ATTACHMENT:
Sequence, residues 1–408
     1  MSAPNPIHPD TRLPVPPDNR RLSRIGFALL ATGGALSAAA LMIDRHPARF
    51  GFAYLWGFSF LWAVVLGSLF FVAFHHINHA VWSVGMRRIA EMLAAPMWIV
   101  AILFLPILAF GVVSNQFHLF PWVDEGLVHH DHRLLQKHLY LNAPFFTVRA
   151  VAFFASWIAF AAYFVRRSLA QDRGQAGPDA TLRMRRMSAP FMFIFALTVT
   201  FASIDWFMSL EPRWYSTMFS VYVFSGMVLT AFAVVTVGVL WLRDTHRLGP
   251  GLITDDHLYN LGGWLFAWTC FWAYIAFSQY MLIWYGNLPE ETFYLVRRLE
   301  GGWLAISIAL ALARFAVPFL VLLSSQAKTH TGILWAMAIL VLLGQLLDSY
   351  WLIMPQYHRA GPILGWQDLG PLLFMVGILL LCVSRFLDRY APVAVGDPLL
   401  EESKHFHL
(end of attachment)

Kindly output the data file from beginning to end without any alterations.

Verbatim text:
Sequence, residues 1–408
     1  MSAPNPIHPD TRLPVPPDNR RLSRIGFALL ATGGALSAAA LMIDRHPARF
    51  GFAYLWGFSF LWAVVLGSLF FVAFHHINHA VWSVGMRRIA EMLAAPMWIV
   101  AILFLPILAF GVVSNQFHLF PWVDEGLVHH DHRLLQKHLY LNAPFFTVRA
   151  VAFFASWIAF AAYFVRRSLA QDRGQAGPDA TLRMRRMSAP FMFIFALTVT
   201  FASIDWFMSL EPRWYSTMFS VYVFSGMVLT AFAVVTVGVL WLRDTHRLGP
   251  GLITDDHLYN LGGWLFAWTC FWAYIAFSQY MLIWYGNLPE ETFYLVRRLE
   301  GGWLAISIAL ALARFAVPFL VLLSSQAKTH TGILWAMAIL VLLGQLLDSY
   351  WLIMPQYHRA GPILGWQDLG PLLFMVGILL LCVSRFLDRY APVAVGDPLL
   401  EESKHFHL